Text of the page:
Here's the Washington headline of the week that nobody in America got to read: Paul Ryan, 40. Barack Obama, 0.RTWT. Strassel mentions NY-26's special election, and she predicted the Democrat victory a couple of weeks ago in any case, "A New York Warning for the GOP":
Forty is the number of Senate votes that went in favor of Mr. Ryan's reformist budget, a tally that included nearly every Senate Republican. Zero is the number of votes President Obama got for his own tax-and-spend budget, a blueprint that not one of his own party had the backbone to support. It went down, 97-0.
Washington is in a game of high-stakes chicken over raising the debt limit, though so far only one side is flinching. According to the headlines (and Democrats), Republicans are on defense over Mr. Ryan's plan, are risking America's creditworthiness, and are delaying sensible compromise by refusing tax increases. It is only a matter of time, goes the betting, before the party swerves.
This has little relation to reality, in which it is Democrats who keep calling their own bluffs. It was Mr. Obama who first swerved, submitting a "do-over" of his initial, embarrassing budget. It is Democrats who have since swerved on the debt-limit debate, agreeing to spending-cut negotiations, then continuing to up the size of a package.
By refusing to blink, Republicans keep forcing Democrats to acknowledge a very simple political reality: Voters do want spending reform, and do not want tax hikes. That's why this debate has so far moved in the GOP's direction.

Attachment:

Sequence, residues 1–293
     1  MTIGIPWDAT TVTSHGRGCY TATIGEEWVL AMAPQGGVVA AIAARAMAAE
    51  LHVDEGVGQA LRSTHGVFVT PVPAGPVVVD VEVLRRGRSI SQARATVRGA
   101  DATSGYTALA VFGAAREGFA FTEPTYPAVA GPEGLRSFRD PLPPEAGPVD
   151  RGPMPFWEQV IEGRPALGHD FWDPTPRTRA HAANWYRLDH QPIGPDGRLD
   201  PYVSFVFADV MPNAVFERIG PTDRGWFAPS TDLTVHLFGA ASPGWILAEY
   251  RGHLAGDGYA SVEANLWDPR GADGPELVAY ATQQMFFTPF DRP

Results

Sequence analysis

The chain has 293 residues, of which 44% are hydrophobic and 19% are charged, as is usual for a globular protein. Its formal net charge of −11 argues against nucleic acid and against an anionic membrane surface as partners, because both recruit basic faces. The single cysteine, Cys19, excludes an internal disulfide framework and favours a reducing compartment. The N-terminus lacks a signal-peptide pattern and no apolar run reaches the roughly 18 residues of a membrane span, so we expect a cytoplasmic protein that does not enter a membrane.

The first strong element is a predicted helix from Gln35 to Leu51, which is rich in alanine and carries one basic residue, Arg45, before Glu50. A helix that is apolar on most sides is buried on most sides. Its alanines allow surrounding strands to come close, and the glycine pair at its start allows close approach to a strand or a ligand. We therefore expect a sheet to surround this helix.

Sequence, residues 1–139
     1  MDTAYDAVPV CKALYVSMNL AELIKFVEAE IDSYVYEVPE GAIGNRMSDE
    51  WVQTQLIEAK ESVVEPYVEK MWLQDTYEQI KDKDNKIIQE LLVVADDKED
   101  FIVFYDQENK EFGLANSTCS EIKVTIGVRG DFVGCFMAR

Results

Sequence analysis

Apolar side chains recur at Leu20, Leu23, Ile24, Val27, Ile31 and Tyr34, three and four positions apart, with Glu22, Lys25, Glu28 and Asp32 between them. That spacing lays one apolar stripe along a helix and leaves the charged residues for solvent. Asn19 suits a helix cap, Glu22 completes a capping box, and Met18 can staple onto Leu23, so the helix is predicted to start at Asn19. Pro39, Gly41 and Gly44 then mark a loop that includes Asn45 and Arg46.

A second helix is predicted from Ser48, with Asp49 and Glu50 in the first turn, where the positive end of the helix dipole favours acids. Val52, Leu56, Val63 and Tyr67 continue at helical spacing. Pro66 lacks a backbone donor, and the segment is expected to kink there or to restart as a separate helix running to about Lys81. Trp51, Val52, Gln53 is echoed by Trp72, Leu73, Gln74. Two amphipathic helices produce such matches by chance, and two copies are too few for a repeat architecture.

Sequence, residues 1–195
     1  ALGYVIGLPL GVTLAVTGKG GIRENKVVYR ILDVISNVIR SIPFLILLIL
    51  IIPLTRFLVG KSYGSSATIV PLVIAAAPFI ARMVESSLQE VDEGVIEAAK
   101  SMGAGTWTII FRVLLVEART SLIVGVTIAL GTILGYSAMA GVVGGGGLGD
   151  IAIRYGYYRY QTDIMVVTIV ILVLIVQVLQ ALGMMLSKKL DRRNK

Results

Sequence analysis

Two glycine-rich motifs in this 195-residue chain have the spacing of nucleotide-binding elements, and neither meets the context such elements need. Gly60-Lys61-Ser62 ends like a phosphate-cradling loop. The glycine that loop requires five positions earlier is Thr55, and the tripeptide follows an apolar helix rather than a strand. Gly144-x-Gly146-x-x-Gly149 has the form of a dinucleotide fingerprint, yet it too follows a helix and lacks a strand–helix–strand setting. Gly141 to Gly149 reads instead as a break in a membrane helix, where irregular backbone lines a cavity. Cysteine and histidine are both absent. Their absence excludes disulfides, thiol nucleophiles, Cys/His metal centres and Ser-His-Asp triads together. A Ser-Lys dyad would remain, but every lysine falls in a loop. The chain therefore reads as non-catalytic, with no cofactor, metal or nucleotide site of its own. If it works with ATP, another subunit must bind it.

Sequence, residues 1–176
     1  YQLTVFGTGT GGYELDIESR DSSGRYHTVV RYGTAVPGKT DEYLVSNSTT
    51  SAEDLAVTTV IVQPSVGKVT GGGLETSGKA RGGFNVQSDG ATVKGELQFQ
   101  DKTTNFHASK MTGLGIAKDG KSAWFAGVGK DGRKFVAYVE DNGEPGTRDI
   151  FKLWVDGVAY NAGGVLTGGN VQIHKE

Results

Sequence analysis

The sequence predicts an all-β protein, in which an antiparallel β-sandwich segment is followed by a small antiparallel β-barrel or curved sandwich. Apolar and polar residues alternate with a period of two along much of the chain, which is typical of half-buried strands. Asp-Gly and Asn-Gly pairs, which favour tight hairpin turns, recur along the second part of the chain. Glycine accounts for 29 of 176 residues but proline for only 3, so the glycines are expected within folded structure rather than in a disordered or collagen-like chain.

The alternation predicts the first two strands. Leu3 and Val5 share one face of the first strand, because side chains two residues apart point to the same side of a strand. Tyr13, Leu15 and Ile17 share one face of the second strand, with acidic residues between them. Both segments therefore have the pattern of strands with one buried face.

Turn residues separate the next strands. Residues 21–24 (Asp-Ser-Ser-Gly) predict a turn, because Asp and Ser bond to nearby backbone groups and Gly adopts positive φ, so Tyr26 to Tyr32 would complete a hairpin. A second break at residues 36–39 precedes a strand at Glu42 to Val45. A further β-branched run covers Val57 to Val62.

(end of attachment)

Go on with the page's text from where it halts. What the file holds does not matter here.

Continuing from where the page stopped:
Good news for a politics-weary nation: Come May 24, the debate over the Paul Ryan budget reform plan will be over—almost before it began. Democrats win. Republicans lose. Long live blowout entitlements.See also, John McCormack, "NY-26: Democrat Kathy Hochul Wins with 47% of Vote."
That, at least, is the narrative being cast on the upcoming special election in New York's 26th congressional district. GOP candidate Jane Corwin had been handily ahead until several weeks ago, when Democrat Kathy Hochul began attacking her for supporting Mr. Ryan's plan. Polls have tightened, and Democrats and the media are now pitching the race as a "referendum" on GOP hopes to cut spending and reform entitlements such as Medicare. A Hochul victory, goes the line, will prove the Ryan plan is a bust even with conservative voters.
Fascinating, if utterly untrue. In their drive to nationalize this story, Democrats and the media are deliberately ignoring the real (if mundane) reasons why the Corwin campaign is struggling—namely, GOP infighting that has allowed a third-party candidate to siphon votes. New York 26 does offer the GOP some important lessons about the entitlement debate—just not any that Democrats are flogging.